It was about the time I turned 15, and my father asked me to put on water to boil for tea, that I realized I didn't know the first thing about cooking. I had been washing dishes for a few years, and my role up to that point was almost entirely limited to that--disposing of already-cooked food. In fact, I can probably count the number of times that I made scrambled eggs--assisted by my father--over the course of my adolescence. Inherent in his request there was a paradox. My father, a short-order cook for many years, and my mother, a great improviser in her own right, had given birth to a son who could barely operate a stove. The only reason that I could come up with was that my parents, while I was still in the womb, had snatched up even the most basic genetic material necessary to allow me to create a meal and decided to lavish it on their imagined third child (my younger sister is no whiz in the kitchen either). When I went to college, it seemed utterly fantastic that I would be able to put the resources there to any grand culinary endeavors.
Like most college students, I spent my first year at Oberlin eating under the campus meal plan. Though oft-criticized, the food was fine by my standards. I was more than willing to overlook overcooked meat and bland vegetables with the understanding that I could eat as much of it as I wanted. I even reprised my role as dishwasher, taking a campus job at the dining hall cleaning off plates, shuffling utensils, and wiping down tables three nights a week. It was only near the end of that year that I began to consider other options. In many ways, my dining community was wearing thin--the insta-friends I had made during campus orientation were either drifting or becoming obtuse, and the anonymous guise of the cafeteria made it a lonely place to dine.
I had heard about the extensive co-op network at Oberlin prior to going. In fact, it was even one of the reasons I decided to enroll--not because I thought I would be involved--but simply as a byproduct of my first visit. It was then that three co-opers, wearing aprons and brandishing spatulas, warmly approached my tour group and offered us a tray of chocolate-chip cookies, fresh from the oven. I was immediately sold on the school. Boasting nine co-ops and encompassing almost a quarter of the student body, the Oberlin Student Cooperative Association (OSCA) is one of the more unique things about Oberlin.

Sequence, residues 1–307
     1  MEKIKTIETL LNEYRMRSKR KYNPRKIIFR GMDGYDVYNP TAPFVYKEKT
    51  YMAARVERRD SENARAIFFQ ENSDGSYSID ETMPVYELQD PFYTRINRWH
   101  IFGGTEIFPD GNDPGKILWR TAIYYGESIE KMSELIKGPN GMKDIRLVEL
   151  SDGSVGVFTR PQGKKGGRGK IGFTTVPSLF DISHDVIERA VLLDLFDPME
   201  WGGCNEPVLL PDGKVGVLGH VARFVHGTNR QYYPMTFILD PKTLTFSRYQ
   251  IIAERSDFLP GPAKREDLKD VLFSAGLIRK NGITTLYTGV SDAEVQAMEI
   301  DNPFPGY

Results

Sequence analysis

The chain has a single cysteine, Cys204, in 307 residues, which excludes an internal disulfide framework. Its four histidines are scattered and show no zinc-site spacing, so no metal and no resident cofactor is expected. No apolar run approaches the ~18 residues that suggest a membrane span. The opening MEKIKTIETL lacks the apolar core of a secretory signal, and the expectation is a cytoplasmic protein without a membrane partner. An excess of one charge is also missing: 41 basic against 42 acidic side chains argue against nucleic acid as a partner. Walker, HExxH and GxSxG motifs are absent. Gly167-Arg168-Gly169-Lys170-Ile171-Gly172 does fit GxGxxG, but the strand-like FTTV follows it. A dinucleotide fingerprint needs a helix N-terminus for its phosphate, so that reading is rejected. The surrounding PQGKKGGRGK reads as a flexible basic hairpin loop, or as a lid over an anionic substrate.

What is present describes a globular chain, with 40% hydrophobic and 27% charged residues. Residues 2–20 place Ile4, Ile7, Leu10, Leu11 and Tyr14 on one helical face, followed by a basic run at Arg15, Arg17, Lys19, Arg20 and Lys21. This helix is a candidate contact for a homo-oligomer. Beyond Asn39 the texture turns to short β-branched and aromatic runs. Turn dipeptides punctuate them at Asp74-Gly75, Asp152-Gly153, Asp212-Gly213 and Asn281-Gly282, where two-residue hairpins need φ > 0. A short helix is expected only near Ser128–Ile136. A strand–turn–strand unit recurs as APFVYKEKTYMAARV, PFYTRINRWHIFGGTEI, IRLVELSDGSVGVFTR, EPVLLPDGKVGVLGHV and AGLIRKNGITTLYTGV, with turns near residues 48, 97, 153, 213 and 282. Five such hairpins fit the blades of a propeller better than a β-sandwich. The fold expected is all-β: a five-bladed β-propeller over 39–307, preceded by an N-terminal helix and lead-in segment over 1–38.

As a result of campus involvement, I met a couple of upperclassmen who ate in Third World Co-op (TWC), one of only two co-ops that require an application. I settled on it because I appreciated its mission statement and the community it strives to achieve. Founded as a space primarily for marginalized peoples--students of color, LGBTQ, low-income, first-generation, and international students--it promotes coalition building and dialogue among students of diverse backgrounds.
This year's Third World Co-op membership photo!
I didn't quite know what to expect when I joined OSCA. Entirely run by students, its members are expected to do all of the cooking, cleaning, food buying, recycling, composting, and administrative organization for the various co-ops, each responsible for working a certain number of hours during the week. I spent the entire first semester in the co-op fulfilling my hours with crews, those times reserved strictly for cleaning after meals. The first time I signed up to cook, someone may well have confused me for having a panic attack--sweaty hands, a racing heartbeat, and an unshakeable look of terror. How could I be expected to cook for thirty people when I had scarcely ever cooked for myself? Thankfully, there were senior members who talked me through the best ways to peel garlic, fry potatoes, and make an omelet. Never would I have imagined that a group of students could be efficient and capable enough to orchestrate what functioned like a self-contained dining hall.
I daresay that the food in the co-op is fabulous. Necessitated by dietary restrictions and cost, our diet is low in meat but still high in protein, using a variety of other foods--beans, eggs, tofu, and quinoa--as substitutes. Almost all of it is locally-grown, a product of Ohio farms and orchards where we receive weekly shipments of produce and dairy in gallon and crate-sized containers. Recipes are used, but sparingly, with most members dependent on a combination of quick wits and creativity to make their meals. I quickly dashed the idea of recipes and measurements in my second go, learning to approximate how much food it takes to feed the co-op and how much time it takes to make it.
Just your average co-op dinner.
Third World Co-op is truly my home on campus. As a member for three years, the people that I eat with now include some of my closest friends. In the co-op, I know everyone's name and everyone knows mine. We don't just cook--we create, experiment, laugh, love, and dance, all while blasting Mariah Carey's "Heartbreaker" over the hum of sizzling stove tops and ovens.
During the summer before my junior year--just one year after joining the co-op--I decided to dredge up a past I had not confronted since high school. I wanted to cook dinner for my father. Not accustomed to the pre-ordained selection of food in co-op fridges, I went grocery shopping, parsing out all the ingredients I would need. The food didn't turn out as well as I had expected. I added a little too much water to the rice, the onions were underdone, and it took a couple of tries to completely master the art of tempura. Even still, I could sense it in my father's face--a smile suffused under his chewing of those first bites. After we finished eating, he even offered to do the dishes.
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